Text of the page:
• Annual benefit under a defined benefit plan under section 415(b)(1)(A) of the Code is increased from $230,000 to $245,000
  • The limitation for defined contribution plans under section 415(c)(1)(A) is increased in 2022 from $58,000 to $61,000.
  • The limitation under section 402(g)(1) on the exclusion for elective deferrals described in section 402(g)(3) is increased from $19,500 to $20,500.
  • The annual compensation limit under sections 401(a)(17), 404(l), 408(k)(3)(C), and 408(k)(6)(D)(ii) is increased from $290,000 to $305,000.
  • The dollar limitation under section 416(i)(1)(A)(i) concerning the definition of “key employee” in a top-heavy plan is increased from $185,000 to $200,000.
  • The limitation used in the definition of “highly compensated employee” under section 414(q)(1)(B) is increased from $130,000 to $135,000.

 

Tip Work Yes or No?

On October 28, 2021, the U.S Department of Labor announced publication of the Tips Dual Jobs final rule that sets reasonable limits on the amount time an employer can take a tip credit when a tipped worker isn’t doing tip producing work. It clarifies that an employer may take a tip credit only when an employee is performing work that is part of a tipped occupation, specifically; performing work that is tip producing or performing work that directly supports work that is tip producing for a limited amount of time.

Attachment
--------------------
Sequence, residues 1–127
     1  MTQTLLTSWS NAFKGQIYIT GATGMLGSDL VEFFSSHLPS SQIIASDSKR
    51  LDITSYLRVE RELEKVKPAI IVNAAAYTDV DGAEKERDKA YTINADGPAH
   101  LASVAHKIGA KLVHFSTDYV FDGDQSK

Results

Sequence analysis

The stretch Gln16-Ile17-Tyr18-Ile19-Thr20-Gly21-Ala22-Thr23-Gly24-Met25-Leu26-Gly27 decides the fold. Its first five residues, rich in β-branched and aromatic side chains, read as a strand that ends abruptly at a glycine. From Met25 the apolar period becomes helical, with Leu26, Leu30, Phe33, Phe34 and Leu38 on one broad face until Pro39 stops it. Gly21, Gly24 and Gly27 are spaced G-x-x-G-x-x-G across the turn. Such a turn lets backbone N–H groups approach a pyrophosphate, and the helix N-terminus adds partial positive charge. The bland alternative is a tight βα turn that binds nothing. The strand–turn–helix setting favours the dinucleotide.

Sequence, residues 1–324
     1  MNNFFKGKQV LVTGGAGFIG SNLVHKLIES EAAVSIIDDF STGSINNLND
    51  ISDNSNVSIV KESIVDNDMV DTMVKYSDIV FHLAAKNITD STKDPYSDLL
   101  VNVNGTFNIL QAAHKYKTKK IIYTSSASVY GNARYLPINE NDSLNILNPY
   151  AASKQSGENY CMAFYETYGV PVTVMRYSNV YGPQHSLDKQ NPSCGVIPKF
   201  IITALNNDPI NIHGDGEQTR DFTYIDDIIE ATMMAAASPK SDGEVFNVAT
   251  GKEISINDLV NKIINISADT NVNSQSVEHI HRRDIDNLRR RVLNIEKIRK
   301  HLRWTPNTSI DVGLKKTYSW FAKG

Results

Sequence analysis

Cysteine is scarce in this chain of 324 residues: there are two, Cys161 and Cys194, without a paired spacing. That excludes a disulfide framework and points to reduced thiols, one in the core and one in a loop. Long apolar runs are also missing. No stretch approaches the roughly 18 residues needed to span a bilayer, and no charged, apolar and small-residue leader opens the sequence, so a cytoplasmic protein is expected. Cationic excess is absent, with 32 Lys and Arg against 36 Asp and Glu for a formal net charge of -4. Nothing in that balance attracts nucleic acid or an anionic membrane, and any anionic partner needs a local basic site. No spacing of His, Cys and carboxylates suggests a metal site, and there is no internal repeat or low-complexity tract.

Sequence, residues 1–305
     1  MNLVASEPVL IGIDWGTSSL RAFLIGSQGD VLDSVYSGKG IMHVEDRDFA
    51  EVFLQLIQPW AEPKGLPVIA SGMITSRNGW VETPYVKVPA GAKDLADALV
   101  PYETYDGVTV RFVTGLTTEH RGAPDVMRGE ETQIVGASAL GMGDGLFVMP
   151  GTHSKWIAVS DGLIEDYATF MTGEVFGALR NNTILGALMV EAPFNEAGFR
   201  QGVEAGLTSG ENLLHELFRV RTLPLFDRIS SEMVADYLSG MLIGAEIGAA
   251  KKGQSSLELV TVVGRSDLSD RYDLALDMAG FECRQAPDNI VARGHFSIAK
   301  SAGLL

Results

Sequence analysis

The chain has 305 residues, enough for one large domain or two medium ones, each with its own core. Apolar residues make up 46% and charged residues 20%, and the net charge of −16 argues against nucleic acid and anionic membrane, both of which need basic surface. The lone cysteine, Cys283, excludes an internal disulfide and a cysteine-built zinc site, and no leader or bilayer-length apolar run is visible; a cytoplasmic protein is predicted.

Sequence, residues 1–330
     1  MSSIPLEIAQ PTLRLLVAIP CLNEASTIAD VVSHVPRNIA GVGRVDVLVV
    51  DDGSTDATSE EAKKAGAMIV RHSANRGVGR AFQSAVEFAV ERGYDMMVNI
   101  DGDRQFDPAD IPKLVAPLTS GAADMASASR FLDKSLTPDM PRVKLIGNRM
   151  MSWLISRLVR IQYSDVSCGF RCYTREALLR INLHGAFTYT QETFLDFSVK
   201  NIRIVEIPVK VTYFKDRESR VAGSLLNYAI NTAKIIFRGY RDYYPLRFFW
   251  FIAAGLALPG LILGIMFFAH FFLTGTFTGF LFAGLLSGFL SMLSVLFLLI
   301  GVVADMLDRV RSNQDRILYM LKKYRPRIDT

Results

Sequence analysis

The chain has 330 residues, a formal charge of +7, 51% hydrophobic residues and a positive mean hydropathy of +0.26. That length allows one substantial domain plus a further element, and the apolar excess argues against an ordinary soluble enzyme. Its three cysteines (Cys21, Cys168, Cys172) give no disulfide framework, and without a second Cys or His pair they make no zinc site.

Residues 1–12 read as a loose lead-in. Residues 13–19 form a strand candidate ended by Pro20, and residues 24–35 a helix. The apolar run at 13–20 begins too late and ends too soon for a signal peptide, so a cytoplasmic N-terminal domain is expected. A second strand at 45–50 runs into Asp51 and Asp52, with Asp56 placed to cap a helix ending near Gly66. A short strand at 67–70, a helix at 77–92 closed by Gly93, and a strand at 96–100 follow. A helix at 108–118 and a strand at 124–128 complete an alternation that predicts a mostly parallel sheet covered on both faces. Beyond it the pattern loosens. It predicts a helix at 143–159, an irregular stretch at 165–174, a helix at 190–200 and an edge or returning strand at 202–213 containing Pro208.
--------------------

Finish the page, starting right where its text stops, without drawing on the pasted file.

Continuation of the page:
The Final Rule also amends the provisions of the Executive Order 13658 regulations, which address the hourly minimum wage paid by contractors to workers performing work on or in connection with covered federal contracts consistent with the amendments to the dual jobs regulations.

Under the final rule, an employer can take a tip credit only when the worker is performing tip producing work or when:

  • A tipped employee performs work that directly supports tip producing work for less than 20 percent of the hours worked during the employee’s workweek. Therefore, an employer cannot take a tip credit for any of the time that exceeds 20 percent of the workweek. Time for which an employer does not take a tip credit is excluded in calculating the 20 percent tolerance.
  • A tipped employee performs directly supporting work for not more than  30 minutes. Therefore, an employer cannot take a tip credit for any of the time that exceeds 30 minutes.

The final rule becomes effective December 28, 2021.  See the Department of Labor website for more information.

 

YouTube News Alerts for Payroll 24/7